0.03 p.b.w. of a nonionic surfactant (coconut fatty alcohol polyoxyethylen ether with about 8 oxyethylene units),
0.003 p.b.w. of an antifoam agent, and
96.967 p.b.w. of deionized water.
5 completely crosslinked wedge steps were obtained.
0.04 g of amorphous, highly porous silica acid havig a mean particle size of 8 μm (Syloid Al 1) was added to the coating solution of Example 1. The dispersion obtained was spincoated onto a layer support, in a way suc that a layer weight of 3.5 g/m2 was obtained.
The plate was processed as described in Example 1.
5 completely crosslinked wedge steps were obtained.
In a conventional damping unit, 180,000 prints were obtained from this printing plate; in an alcohol damping unit 90,000 prints were obtained.
After drying, the coated plate of Example 2 was coated with a 15% strength aqueous solution of polyvinyl alcohol (12% residual acetyl groups, Kvalue 4). A cover layer having a dry weight of 5 g/m2 was obtained.
Portions of the plate were exposed for 5, 10, 20 and 40 seconds, using a metal halide lamp, under a 13-step exposure wedge having density increments of 0.15; developing was then performed with the developer solution described under Example 1.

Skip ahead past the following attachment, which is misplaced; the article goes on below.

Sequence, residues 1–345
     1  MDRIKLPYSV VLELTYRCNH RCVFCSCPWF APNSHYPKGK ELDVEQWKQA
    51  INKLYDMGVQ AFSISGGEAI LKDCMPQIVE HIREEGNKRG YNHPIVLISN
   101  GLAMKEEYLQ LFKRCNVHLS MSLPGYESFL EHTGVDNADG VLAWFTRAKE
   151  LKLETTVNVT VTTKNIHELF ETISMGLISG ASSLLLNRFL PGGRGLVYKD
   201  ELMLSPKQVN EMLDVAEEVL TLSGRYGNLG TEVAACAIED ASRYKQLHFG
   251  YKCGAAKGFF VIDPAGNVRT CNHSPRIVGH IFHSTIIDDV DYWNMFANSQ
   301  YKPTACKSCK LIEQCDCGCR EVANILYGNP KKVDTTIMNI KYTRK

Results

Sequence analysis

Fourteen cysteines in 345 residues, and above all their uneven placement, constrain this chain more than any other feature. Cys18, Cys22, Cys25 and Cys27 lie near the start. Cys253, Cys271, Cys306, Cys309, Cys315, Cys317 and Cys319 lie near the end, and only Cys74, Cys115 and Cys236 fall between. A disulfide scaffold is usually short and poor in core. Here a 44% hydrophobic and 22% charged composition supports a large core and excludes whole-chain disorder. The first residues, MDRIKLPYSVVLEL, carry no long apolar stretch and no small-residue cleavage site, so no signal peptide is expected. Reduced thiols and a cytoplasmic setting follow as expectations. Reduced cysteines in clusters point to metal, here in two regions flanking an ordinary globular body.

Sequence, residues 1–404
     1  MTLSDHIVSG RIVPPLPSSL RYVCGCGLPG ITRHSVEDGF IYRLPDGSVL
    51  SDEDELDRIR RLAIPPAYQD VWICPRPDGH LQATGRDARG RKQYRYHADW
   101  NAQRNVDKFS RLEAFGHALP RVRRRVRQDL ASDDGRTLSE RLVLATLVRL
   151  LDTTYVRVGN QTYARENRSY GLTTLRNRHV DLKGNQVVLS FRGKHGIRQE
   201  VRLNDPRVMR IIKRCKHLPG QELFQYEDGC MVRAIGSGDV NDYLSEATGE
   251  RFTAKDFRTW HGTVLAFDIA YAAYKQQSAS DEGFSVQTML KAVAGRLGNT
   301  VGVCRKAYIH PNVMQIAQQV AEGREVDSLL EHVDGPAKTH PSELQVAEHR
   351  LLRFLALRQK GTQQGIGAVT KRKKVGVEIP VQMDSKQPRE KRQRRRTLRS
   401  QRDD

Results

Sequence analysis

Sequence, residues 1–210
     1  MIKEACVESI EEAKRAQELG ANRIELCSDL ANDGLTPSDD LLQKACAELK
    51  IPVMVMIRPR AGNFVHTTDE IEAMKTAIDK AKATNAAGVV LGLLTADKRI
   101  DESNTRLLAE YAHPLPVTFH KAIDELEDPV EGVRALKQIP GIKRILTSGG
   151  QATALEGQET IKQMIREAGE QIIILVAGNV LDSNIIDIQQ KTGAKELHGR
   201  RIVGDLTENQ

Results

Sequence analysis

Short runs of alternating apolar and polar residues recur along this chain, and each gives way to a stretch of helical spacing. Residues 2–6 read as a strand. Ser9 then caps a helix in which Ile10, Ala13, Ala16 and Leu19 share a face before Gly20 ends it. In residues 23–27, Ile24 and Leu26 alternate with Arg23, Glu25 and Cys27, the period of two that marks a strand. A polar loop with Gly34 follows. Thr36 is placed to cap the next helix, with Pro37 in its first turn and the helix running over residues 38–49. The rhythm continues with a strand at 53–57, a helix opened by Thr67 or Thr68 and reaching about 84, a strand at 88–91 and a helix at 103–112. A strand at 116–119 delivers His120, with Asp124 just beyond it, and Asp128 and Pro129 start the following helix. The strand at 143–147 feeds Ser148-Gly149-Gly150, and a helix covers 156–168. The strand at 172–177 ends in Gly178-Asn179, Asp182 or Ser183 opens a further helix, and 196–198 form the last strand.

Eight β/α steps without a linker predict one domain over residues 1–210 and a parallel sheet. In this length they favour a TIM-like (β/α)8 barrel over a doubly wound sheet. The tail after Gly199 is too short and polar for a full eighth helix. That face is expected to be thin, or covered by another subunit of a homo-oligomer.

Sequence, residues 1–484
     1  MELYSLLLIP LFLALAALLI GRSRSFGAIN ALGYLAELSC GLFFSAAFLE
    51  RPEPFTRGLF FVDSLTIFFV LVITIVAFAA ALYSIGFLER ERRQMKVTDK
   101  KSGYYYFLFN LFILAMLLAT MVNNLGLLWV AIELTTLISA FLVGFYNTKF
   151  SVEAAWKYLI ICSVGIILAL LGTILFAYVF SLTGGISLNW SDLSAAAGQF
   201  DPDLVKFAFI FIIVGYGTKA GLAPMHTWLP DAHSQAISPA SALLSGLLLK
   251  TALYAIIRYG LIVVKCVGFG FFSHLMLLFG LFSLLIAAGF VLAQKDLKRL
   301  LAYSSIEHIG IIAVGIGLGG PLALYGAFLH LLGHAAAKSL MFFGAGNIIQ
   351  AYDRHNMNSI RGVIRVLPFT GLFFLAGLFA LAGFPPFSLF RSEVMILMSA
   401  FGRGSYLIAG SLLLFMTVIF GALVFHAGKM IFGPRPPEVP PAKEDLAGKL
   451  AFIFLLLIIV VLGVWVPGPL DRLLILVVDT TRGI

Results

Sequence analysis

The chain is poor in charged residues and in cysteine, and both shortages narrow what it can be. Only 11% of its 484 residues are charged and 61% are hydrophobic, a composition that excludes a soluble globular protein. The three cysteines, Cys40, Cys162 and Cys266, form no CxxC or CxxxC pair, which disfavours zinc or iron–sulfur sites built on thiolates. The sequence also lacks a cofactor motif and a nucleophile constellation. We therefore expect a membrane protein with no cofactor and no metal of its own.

In another test, the plate was heated after exposure at 100° C. in circulating air drying cabinet for 5 seconds, and subsequently developed.
The following table shows that the layer works strictly reciprocally and that the postheating step results in a clear increase of the number of completely crosslinked steps:
______________________________________Exposure time (seconds) 5 10 20 40______________________________________Wedge steps without 3 5 7 9post-heatingWedge steps with 8 9 11 13post-heating______________________________________
If layers are prepared using other monomers (for example, trimethylol-ethane triacrylate), the number of cross-linked steps under the influence of oxygen (i.e., when no cover layer is applied) is much lower than in cases where a cover layer has been applied (3 wedge steps without a cover layer, 9 wedge steps with a cover layer, at an exposure time of 40 seconds).
A coating solution was prepared from
1 p.b.w. of a methyl methacrylate/methacrylic acid copolymer having a molecular weight of 30,000 and an acid number of 117,
1 p.b.w. of the styrene/maleic acid anhydride copolymer of Example 1,
2 p.b.w. of compound 3,
0.125 p.b.w. of 9-phenyl-acridine,
0.07 p.b.w. of the blue dyestuff of Example 1,
0.04 p.b.w. of the silicic acid of Example 2, in
21 p.b.w. of butanone and
11 p.b.w. of butyl acetate.
This solution was spin-coated onto the aluminum support described in Example 1, in a way such that a layer weight of 5 g/m2 was obtained.
Exposure, developing and evaluation were carried out as described in Example 1.
4 completely cross-linked wedge steps were obtained.